The 10 principles have been grouped under the three pillars of security-by-design, transparency, and autonomy and integrity.​​

Prioritising cybersecurity for the protection of CI assets

Like any roadmap, the cybersecurity program should outline the organisation’s current and desired future states as well as how the organisation will achieve its objectives. This starts with identifying the CI operator’s assets and assessing its security posture. Then, the organisation can develop a strategy for planning and implementing a program of work.

Before developing a road map, CI communications organisations should consider three key areas:

  1. Operational efficiency: Organisations need to understand what critical components are degrading or damaged to ensure these are included in any road map, and potential operational downtime or onsite safety risk exposure for staff is mitigated.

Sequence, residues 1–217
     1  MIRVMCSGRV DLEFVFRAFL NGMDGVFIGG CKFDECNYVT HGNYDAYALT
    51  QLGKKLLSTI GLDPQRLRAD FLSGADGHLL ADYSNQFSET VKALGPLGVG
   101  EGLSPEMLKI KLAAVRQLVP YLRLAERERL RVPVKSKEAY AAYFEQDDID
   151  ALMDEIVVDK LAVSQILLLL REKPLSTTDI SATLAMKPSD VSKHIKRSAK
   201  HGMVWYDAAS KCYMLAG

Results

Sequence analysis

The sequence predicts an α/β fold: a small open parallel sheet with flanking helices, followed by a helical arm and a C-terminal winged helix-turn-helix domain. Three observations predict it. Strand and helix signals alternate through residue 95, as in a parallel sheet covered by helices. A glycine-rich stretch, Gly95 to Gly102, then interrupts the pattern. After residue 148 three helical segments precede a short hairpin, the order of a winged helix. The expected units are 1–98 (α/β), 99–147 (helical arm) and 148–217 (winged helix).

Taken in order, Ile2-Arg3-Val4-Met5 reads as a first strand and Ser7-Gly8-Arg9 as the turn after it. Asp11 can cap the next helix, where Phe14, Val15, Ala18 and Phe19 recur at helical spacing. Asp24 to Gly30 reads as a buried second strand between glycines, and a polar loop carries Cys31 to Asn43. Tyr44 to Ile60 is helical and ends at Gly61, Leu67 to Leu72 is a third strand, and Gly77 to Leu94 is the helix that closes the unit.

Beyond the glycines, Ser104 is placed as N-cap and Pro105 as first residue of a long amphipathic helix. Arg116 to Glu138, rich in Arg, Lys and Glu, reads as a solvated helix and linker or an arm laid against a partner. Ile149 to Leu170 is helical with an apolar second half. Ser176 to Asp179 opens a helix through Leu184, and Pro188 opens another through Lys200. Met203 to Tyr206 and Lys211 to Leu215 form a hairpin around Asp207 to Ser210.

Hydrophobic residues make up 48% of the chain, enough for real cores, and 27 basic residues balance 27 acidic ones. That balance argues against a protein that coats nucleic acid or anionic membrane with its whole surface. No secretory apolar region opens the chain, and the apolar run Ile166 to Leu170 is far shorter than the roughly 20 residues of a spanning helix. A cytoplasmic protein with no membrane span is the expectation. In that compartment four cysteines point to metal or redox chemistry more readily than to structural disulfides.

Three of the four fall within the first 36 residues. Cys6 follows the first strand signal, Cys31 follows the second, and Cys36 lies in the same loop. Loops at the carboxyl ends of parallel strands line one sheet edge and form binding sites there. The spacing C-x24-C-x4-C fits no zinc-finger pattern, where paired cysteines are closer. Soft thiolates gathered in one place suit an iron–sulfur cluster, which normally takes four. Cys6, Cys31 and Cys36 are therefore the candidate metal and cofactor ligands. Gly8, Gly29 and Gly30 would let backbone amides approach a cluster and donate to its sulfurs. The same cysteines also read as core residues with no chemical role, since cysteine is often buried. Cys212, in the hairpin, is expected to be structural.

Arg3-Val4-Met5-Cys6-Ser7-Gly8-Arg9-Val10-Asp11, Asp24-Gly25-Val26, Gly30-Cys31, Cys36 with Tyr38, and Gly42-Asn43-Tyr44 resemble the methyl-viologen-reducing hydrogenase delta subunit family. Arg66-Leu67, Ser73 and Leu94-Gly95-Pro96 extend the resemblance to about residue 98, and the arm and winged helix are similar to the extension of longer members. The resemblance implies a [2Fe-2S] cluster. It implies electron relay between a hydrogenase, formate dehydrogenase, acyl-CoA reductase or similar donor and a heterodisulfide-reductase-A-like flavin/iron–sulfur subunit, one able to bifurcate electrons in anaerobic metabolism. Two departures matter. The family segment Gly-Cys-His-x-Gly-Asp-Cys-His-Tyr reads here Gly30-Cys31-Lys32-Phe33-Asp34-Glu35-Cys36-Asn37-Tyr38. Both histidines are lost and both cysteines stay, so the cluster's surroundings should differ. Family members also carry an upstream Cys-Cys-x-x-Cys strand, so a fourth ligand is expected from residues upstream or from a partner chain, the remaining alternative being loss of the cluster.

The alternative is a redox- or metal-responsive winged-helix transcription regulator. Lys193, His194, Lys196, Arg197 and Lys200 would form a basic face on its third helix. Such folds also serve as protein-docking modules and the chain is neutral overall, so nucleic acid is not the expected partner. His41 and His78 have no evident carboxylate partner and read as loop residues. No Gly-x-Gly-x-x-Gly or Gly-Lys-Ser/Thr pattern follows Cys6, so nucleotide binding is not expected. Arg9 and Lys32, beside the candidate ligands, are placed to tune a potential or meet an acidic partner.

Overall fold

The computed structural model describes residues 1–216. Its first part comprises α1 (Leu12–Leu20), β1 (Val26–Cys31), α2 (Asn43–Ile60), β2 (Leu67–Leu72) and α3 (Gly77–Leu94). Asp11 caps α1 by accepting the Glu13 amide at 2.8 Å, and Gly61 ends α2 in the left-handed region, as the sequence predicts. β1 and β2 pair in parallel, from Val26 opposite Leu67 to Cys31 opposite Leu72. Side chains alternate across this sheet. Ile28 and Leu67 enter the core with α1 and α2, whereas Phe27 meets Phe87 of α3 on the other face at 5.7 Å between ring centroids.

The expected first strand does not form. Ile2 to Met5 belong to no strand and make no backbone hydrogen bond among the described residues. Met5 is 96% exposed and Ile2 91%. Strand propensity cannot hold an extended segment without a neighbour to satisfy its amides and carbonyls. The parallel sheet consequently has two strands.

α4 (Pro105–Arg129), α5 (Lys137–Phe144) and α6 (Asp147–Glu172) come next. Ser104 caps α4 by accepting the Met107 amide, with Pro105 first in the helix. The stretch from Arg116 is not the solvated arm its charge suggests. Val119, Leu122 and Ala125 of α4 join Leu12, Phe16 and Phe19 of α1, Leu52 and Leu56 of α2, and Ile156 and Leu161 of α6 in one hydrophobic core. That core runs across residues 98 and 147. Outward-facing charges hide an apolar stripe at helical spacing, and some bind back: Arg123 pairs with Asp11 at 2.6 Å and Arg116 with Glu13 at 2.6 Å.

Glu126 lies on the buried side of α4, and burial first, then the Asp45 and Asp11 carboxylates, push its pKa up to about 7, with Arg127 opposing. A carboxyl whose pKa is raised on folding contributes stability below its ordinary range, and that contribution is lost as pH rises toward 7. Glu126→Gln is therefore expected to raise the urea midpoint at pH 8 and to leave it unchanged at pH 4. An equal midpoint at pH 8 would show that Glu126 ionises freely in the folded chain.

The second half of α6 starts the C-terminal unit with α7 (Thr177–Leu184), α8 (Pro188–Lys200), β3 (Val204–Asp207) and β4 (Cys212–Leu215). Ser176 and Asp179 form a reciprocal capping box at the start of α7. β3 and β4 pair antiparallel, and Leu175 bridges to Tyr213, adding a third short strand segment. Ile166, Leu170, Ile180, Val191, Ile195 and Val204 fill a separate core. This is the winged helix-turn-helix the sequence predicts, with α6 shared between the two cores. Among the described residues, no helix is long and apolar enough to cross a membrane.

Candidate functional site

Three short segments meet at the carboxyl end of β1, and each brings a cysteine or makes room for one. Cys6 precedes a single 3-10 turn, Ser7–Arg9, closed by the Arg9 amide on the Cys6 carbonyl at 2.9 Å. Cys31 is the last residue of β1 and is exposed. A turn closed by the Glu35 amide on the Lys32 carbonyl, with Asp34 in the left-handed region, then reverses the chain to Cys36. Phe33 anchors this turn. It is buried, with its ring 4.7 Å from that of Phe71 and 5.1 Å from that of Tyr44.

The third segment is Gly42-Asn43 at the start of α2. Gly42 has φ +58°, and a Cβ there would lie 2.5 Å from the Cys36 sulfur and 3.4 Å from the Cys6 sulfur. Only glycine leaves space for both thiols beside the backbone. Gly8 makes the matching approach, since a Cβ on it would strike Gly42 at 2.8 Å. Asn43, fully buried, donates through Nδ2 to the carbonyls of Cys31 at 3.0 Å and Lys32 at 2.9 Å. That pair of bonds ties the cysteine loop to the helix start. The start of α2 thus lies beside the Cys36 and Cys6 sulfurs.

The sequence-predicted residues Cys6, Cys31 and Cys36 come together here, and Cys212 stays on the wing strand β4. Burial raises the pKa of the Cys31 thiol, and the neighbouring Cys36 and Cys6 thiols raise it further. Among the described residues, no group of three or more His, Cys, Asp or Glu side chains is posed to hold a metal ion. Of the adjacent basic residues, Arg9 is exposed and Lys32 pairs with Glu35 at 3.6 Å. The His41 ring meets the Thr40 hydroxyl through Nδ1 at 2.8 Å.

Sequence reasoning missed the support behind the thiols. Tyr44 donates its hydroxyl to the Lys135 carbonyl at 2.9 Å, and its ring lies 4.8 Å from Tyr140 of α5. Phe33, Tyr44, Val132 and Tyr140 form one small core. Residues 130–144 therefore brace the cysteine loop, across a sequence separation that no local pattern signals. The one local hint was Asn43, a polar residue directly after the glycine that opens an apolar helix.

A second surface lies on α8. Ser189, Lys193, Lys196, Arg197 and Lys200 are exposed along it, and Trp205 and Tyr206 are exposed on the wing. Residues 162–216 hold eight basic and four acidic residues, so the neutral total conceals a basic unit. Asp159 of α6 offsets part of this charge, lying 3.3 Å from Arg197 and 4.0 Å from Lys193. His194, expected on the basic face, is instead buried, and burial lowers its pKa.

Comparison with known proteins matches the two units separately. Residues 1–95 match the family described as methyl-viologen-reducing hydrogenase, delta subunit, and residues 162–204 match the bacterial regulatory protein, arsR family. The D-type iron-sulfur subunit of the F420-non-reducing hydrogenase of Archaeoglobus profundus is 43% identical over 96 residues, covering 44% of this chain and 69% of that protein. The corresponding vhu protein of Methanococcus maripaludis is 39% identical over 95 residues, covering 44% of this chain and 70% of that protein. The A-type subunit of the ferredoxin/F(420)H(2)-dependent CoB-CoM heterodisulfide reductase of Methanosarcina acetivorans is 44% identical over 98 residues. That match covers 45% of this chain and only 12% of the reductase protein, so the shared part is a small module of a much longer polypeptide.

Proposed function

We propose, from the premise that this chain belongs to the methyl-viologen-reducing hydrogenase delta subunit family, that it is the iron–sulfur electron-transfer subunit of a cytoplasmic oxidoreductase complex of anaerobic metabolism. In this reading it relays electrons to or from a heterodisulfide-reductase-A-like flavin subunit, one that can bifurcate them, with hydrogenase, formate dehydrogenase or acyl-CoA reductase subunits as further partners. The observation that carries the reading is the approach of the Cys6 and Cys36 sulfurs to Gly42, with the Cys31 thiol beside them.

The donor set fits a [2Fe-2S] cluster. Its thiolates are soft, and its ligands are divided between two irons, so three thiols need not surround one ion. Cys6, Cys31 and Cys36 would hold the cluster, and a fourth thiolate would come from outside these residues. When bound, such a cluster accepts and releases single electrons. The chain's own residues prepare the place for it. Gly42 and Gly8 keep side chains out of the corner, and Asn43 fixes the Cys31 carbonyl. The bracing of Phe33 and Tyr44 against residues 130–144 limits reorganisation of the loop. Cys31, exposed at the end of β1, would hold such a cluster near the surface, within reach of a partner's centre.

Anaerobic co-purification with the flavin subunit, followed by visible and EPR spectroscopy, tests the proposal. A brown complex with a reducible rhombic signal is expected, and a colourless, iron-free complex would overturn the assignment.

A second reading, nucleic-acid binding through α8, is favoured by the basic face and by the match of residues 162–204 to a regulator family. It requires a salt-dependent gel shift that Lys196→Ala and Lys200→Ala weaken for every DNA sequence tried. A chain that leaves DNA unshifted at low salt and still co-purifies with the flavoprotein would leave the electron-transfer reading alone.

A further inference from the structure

2. Security: Businesses need to understand how the road map can help achieve reduced performance overheads, or upgraded host lifecycle management, without impacting on maximum tolerable downtime (MTD) or mean time to recovery (MTTR) through real-time threat intelligence and sophisticated campaign monitoring.
  3. Safety: Naturally one of the most essential components of any CI road map, safety needs to be considered of the utmost importance.

This means organisations should consider how to integrate new technologies into their stack, plus what types, to ensure the continued safety of the people they serve. For instance, cloud-enabled surveillance cameras with artificial intelligence (AI) and machine-learning software can detect anomalies in physical behaviour. In the event of an incident, cloud connectivity can chain together an automated incident response plan alerting the appropriate emergency personal.